The key takeaway here is that what we needed was not really HTTP/3, but rather “TCP/2”, and we got HTTP/3 “for free” in the process. The main features we’re excited about for HTTP/3 (faster connection set-up, less HoL blocking, connection migration, and so on) are really all coming from QUIC.
What Is QUIC?
You might be wondering why this matters? Who cares if these features are in HTTP/3 or QUIC? I feel this is important, because QUIC is a generic transport protocol which, much like TCP, can and will be used for many use cases in addition to HTTP and web page loading. For example, DNS, SSH, SMB, RTP, and so on can all run over QUIC. As such, let’s look at QUIC a bit more in depth, because it’s here where most of the misconceptions about HTTP/3 that I’ve read come from.
One thing you might have heard is that QUIC runs on top of yet another protocol, called the User Datagram Protocol (UDP). This is true, but not for the (performance) reasons many people claim. Ideally, QUIC would have been a fully independent new transport protocol, running directly on top of IP in the protocol stack shown in the image I shared above.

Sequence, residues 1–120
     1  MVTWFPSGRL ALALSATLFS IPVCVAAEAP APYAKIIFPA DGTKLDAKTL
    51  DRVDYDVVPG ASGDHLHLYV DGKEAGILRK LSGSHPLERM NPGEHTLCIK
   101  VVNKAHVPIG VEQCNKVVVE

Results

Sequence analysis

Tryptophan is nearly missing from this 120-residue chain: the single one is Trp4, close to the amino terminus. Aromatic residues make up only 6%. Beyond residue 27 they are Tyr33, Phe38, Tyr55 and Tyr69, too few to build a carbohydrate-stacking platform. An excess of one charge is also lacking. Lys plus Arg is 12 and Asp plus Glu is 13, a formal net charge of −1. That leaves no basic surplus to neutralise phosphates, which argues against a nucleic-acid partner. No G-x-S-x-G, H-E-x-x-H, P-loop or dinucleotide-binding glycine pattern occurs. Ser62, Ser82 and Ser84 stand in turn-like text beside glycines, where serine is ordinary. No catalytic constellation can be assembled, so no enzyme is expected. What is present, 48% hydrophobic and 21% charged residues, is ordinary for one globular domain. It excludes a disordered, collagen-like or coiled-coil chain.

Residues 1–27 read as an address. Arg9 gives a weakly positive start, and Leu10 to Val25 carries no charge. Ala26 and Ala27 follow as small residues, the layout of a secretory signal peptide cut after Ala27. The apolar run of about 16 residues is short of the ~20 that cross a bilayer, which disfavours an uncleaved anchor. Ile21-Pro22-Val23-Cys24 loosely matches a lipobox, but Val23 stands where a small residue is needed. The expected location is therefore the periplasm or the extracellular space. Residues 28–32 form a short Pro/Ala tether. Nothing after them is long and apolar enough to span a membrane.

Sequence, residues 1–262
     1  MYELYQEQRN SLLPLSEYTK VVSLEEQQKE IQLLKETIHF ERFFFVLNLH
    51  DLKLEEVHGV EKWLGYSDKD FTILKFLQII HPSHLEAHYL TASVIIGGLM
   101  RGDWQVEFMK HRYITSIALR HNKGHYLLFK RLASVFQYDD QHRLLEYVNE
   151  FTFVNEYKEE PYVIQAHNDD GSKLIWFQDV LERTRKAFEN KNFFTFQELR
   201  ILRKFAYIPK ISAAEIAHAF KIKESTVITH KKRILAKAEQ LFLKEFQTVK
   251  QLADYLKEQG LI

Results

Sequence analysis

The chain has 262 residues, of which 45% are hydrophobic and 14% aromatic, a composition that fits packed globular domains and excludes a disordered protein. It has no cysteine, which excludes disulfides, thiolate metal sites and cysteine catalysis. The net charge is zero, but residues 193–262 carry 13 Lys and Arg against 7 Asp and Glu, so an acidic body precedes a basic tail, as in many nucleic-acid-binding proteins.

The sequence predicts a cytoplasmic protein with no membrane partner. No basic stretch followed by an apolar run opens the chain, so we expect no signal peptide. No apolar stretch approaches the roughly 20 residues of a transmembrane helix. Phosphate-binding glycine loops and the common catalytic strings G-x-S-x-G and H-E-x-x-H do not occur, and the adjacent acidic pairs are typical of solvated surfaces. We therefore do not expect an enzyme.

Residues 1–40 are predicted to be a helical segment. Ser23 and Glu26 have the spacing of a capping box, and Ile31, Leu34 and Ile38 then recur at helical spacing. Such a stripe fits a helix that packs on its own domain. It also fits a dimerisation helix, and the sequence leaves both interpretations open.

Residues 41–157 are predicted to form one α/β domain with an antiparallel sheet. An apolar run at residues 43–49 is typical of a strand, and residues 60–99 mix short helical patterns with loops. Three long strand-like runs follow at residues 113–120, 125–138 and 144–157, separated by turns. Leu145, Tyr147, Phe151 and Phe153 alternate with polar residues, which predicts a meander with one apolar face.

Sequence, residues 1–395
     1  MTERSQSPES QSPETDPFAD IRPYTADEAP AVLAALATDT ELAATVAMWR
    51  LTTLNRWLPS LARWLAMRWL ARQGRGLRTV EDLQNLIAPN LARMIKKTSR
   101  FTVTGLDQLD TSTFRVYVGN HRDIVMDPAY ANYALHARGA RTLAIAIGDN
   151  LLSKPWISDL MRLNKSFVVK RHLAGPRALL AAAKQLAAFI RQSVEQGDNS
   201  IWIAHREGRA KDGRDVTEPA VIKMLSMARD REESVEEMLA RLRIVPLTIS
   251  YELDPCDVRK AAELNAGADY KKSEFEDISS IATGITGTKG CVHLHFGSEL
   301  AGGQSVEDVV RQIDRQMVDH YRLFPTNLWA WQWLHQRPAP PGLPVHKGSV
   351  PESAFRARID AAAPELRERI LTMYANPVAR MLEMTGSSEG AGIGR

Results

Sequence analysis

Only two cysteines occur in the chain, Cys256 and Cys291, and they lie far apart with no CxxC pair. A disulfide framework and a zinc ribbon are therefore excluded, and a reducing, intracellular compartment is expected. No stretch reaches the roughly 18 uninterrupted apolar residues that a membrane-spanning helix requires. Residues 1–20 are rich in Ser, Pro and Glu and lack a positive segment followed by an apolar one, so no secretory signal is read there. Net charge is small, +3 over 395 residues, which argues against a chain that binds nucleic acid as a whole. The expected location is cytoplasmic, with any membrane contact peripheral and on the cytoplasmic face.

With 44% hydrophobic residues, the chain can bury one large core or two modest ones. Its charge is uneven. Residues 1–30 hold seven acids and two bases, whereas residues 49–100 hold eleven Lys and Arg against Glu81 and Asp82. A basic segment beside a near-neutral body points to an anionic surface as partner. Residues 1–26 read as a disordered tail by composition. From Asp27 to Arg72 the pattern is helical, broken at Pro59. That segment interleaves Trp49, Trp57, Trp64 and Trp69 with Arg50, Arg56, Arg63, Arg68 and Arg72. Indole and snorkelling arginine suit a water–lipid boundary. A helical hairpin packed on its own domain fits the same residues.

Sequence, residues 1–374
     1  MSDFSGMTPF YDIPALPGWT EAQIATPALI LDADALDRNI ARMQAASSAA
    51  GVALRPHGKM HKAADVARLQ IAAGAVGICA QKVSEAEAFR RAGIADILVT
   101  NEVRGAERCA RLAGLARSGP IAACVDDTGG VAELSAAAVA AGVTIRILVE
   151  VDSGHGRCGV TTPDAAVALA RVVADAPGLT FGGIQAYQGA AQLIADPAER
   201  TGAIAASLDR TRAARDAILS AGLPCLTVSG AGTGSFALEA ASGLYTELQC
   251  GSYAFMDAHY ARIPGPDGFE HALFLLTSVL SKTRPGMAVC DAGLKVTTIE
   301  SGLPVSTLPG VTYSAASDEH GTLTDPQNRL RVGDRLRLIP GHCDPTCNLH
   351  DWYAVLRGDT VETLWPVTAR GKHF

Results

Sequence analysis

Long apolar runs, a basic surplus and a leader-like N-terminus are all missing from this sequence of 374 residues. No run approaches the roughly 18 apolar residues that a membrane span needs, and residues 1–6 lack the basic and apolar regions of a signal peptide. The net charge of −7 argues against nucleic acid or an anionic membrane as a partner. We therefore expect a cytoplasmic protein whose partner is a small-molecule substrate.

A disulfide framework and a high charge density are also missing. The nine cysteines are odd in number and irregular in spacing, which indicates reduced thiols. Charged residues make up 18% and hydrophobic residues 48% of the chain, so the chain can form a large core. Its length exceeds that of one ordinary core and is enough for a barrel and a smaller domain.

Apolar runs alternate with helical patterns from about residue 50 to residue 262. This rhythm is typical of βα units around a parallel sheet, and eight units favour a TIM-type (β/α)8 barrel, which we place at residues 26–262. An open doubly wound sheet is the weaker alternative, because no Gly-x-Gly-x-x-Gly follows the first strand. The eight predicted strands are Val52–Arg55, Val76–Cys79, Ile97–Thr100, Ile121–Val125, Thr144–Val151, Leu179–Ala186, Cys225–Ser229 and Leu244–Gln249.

However, doing that would have led to the same issue we encountered when trying to evolve TCP: All devices on the Internet would first have to be updated in order to recognize and allow QUIC. Luckily, we can build QUIC on top of the one other broadly supported transport-layer protocol on the Internet: UDP.
Did You Know?
UDP is the most bare-bones transport protocol possible. It really doesn’t provide any features, besides so-called port numbers (for example, HTTP uses port 80, HTTPS is on 443, and DNS employs port 53). It does not set up a connection with a handshake, nor is it reliable: If a UDP packet is lost, it is not automatically retransmitted. UDP’s “best effort” approach thus means that it’s about as performant as you can get: